The second point: The community flourished when it was based in the rustic, pastoral Arcadia of Santa Barbara county, when all property was communal, and members were righteous enough to stick to their vows. It diminished when the climate became unforgiving, the lifestyle became more mainstream (working at truck stops) and children replaced chastity. If meditation was really what was keeping Sunburst together, why did so many people leave after the relocation?
The years in the desert took their toll and the community decided to urbanise in the 1980s. Sunburst bought houses in Salt Lake City, started some new health food stores, and bought a demolition business. The kids went to the local public school and the adults worked normal jobs. At some point in this adventure, Norman Paulsen decided to buy some derelict yachts. Thinking it would be a good way to teach children some practical skills, he anchored them near Santa Barbara and made voyages to the Channel Islands of California. Some community members lived on the yachts (I struggled to find a deeper explanation for this eccentricity).
Eventually, Paulsen decided to bring the community back to California and back to the land. He bought a farm near Solvang in Santa Barbara county and moved there with his wife. By 1996, Sunburst had acquired another 4000-acre plot of land ten miles south toward Lompoc, and this became the spiritual and physical home of Sunburst. And so Sunburst now stands, forty-five years from its inception and eight years since Paulsen’s death in 2006.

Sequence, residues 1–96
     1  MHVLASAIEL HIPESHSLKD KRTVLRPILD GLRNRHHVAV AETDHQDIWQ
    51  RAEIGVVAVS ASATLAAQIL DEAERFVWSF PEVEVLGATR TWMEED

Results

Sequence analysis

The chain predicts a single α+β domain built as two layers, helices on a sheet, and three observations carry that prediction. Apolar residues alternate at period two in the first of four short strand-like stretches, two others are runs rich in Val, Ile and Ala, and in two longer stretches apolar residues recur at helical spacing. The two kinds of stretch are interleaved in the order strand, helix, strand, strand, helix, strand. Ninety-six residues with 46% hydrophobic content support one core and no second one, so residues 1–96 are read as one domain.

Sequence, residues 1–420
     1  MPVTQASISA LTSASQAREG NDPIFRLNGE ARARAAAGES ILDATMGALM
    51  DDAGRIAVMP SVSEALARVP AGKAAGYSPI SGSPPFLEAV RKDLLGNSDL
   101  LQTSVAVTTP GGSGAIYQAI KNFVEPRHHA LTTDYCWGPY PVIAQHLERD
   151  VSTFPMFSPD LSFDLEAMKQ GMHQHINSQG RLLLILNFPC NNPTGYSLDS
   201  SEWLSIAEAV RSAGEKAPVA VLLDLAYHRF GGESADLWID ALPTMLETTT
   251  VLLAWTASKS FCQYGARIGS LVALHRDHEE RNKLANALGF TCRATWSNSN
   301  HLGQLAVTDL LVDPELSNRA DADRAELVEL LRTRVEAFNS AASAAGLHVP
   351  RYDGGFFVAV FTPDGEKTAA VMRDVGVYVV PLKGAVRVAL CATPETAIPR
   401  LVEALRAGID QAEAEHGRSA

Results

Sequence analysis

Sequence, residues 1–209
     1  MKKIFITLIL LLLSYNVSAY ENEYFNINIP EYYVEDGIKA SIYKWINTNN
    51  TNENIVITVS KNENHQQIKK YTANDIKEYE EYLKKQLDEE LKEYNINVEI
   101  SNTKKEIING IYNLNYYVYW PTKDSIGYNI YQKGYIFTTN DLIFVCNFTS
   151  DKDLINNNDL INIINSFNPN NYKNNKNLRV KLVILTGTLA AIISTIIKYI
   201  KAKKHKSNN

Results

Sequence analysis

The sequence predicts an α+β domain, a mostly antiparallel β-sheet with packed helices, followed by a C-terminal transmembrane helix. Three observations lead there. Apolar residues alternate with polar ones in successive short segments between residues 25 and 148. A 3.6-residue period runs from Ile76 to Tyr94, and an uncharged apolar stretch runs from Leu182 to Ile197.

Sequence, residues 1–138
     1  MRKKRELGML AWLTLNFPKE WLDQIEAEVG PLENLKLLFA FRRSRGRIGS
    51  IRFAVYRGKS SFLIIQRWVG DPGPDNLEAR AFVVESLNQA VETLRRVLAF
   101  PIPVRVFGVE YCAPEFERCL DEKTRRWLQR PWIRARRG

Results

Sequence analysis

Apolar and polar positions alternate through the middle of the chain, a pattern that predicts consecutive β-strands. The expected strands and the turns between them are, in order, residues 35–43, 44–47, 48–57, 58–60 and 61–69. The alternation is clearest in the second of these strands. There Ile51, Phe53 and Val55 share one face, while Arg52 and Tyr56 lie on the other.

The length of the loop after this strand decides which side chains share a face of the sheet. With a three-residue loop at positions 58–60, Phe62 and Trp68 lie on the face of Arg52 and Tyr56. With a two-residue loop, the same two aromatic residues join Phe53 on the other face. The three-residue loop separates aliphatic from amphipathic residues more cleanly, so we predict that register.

Sunburst is currently home to about 25 permanent residents, half of which live at the retreat centre near Lompoc, and the other half at Nojoqui Farms near Solvang. They want to expand and they want to attract young members. The problems are as follows.
Sunburst is currently locked in a battle with the local authorities over land zoning laws. The community were told they had to remove their series of wooden cabin trailers – used for accommodating guests – from the ranch property after a complaint from a nearby landowner. This has left the main meditation retreat without adequate accommodation for visiting guests, and has jeopardised the success of the retreats themselves. Sunburst want to build more accommodation but the law won’t let them. This is because Sunburst is situated on ‘agriculture preserve’ land and the local government don’t want their hills filled with new residential developments. The fact that Sunburst members have to live across two properties puts a strain on the community spirit. They still have morning meditation every day at sunrise, but some have to drive over to the Temple at the retreat centre to take part.
Besides the lack of guest accommodation, Sunburst suffers from another legal wound. Registered as a religious community, they are allowed to offer services for their congregation, in this case, group meditation. Anyone is welcome, but they are not officially ‘open to the public’ because being so would require a different permit or land zoning right. Therefore Sunburst will often forgo listing their retreats on their website, and will only reveal the retreats’ existence through direct inquiry. These complications make outreach a muddled affair.